Law360 (May 1, 2020, 7:08 PM EDT) -- Financial lifelines offered to struggling oil and gas companies by the Trump administration are unlikely to stop the wave of bankruptcies as the COVID-19 pandemic craters global energy demand and a multibillion-dollar mountain of industry debt comes due.
The Federal Reserve's decision Thursday to expand its Main Street Lending Program eligibility to businesses with up to 15,000 employees or $5 billion in annual revenue was welcomed by oil and gas industry groups and their congressional allies, and slammed by environmental groups and some Senate Democrats as a stealth oil and gas bailout.
But oil and gas finance experts say the Fed's actions, coupled with reports that the Treasury and Energy Departments are considering oil and gas loan programs, are at best stopgaps for some cash-squeezed drillers hoping to ride out the next few months until a potential recovery in oil prices.
At worst, federal aid would only pile more debt on already overleveraged companies and increase their risk of breaching their existing loans, experts say. In the end, it won't do much to change the grim fundamentals facing many drillers: a double whammy of coronavirus-depressed demand and a growing supply glut, and approximately $200 billion worth of oil and gas debt set to mature within the next few years.
"You're just delaying the inevitable, which is bankruptcy," Winston & Strawn LLP oil and gas partner Mike Blankenship said. "You're just giving the government's good money and turning it into really bad money. It's just a black hole you're creating."
Loans backed by the Fed program might benefit small to midsize companies that face significant short-term cash-flow problems and help cover their day-to-day operating expenses, experts say. What they won't do is solve a driller's long-term debt problems the way a restructuring could.
A Main Street Lending Program term sheet the Fed put out Thursday doesn't allow companies to use their new loans to repay existing debt or interest payments until the new loan is repaid, "unless the debt or interest payment is mandatory and due."
But even if oil and gas companies could conceivably use their new loans to help pay down existing debt, the dollars being offered under the Fed program are likely dwarfed by many companies' debt loads, experts say.
"To solve the underlying balance sheet problems that a number of these companies have, you'd have to have the government effectively roll over and extend their debt, which is a much bigger undertaking than what's being proposed right now," said David Asmus, who co-leads Sidley Austin LLP's energy practice.
The U.S. Department of Energy on Thursday threw cold water on reports the government is considering offering bridge loans to oil and gas companies in exchange for equity stakes in those companies.
"The Trump administration is not taking equity positions in or nationalizing energy companies," agency spokesperson Shaylyn Hynes said.
The DOE declined to comment Friday on any further discussions between the agency and the U.S. Department of the Treasury on a potential loan program.
If a driller can't use the proceeds of a Main Street-backed loan to pay down existing debt, all it's doing is adding more debt to its balance sheet, which could ultimately be lethal, experts say.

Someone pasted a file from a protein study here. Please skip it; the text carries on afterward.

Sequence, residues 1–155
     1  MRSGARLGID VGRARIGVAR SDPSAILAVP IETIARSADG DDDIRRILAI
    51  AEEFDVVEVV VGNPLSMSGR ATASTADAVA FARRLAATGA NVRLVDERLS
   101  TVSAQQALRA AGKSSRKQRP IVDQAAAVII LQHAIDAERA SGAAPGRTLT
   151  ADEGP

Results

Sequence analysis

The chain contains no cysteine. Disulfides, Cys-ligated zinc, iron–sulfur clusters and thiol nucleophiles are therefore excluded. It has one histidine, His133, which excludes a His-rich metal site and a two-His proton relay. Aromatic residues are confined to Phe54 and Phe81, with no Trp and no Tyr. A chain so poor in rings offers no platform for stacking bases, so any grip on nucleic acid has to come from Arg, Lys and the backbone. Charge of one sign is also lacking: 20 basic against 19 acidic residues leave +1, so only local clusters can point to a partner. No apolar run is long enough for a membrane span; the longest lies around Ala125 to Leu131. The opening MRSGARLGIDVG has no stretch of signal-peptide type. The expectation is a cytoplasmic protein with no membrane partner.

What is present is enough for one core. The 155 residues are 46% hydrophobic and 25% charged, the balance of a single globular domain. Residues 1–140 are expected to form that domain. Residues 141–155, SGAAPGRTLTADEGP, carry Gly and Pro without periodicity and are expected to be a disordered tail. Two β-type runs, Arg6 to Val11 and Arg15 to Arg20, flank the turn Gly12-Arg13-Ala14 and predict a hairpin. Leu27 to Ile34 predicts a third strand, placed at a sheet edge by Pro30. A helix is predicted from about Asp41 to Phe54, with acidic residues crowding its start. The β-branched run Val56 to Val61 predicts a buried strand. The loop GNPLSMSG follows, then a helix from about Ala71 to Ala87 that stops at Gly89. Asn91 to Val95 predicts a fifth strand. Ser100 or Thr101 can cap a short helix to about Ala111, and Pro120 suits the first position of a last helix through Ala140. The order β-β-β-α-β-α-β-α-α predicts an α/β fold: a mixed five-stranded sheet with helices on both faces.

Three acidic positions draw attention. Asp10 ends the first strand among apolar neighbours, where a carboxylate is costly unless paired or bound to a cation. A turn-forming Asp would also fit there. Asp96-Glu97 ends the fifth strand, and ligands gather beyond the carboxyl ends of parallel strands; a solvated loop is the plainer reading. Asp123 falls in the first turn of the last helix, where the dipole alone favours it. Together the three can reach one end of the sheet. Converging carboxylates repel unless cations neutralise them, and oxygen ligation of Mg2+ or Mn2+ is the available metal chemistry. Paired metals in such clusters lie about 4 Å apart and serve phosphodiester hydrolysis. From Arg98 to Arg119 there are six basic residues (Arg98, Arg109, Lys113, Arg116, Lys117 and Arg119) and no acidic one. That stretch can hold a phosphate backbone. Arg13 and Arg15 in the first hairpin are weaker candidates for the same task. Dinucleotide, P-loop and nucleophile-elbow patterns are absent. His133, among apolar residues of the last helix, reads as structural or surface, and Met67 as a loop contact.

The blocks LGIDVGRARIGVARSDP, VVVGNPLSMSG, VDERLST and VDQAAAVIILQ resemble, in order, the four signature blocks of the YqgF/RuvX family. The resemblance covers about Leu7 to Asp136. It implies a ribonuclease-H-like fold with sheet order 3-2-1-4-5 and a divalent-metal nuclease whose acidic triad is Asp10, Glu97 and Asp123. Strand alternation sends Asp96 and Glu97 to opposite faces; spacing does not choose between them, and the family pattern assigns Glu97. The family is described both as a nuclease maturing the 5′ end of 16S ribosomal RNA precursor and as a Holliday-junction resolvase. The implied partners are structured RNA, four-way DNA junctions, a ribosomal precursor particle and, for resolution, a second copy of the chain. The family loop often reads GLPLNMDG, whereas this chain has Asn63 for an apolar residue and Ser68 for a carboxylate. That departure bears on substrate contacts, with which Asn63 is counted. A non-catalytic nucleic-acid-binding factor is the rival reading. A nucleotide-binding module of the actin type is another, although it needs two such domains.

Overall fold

"If you just load more debt on heavily leveraged companies, that doesn't bode well for them when all those bills come down," Winston & Strawn oil and gas partner Isaac Griesbaum said.
For one thing, there's the possibility that taking on a Main Street-backed loan — especially one that must be repaid before other debt — could violate covenants under companies' existing loan agreements, experts say.
"If a company is already close to exceeding its maximum leverage ratio financial covenant, then this incremental debt may cause it to breach that covenant in the next quarter," said Kraig Grahmann, co-head of Haynes and Boone LLP's energy finance group.
A Main Street-backed loan also has the potential to disrupt a company's existing debt structure, experts say. The Fed's term sheet said an eligible loan, secured or unsecured, can't be "contractually subordinated in terms of priority to any of the eligible borrower's other loans or debt instruments."
"What the relationship of that new debt from the government would be vis-a-vis their existing debt is a pretty significant question for most of these companies, because they're liened up heavily and most of their assets are already securing debt to someone else," Asmus said.
Ultimately, many distressed oil and gas companies might not even be eligible for the Fed program, according to Grahmann. He said the program has several financial requirements that many drillers may have difficulty satisfying, including that their existing debt must have had a "pass" rating as of the end of 2019.
Driller bankruptcies were already on the rise last year, and companies were bracing themselves for cuts to their borrowing abilities even before the COVID-19 pandemic hit.
"It is possible that many energy lenders, based on their internal evaluations, have found an increasing number of loans in their portfolios have moved to the 'non-pass' category," Grahmann said.
At bottom, experts say the federal aid both announced and contemplated is only a short-term fix to the oil and gas industry's medium-term problem — excess supply and coronavirus-depressed demand that will take a while to bounce back — and the long-term problem of over-leverage.
"We still have the problems of too much production and excess debt," Asmus said. "Those problems aren't going to be solved by July or August."
--Editing by Breda Lund and Alanna Weissman.
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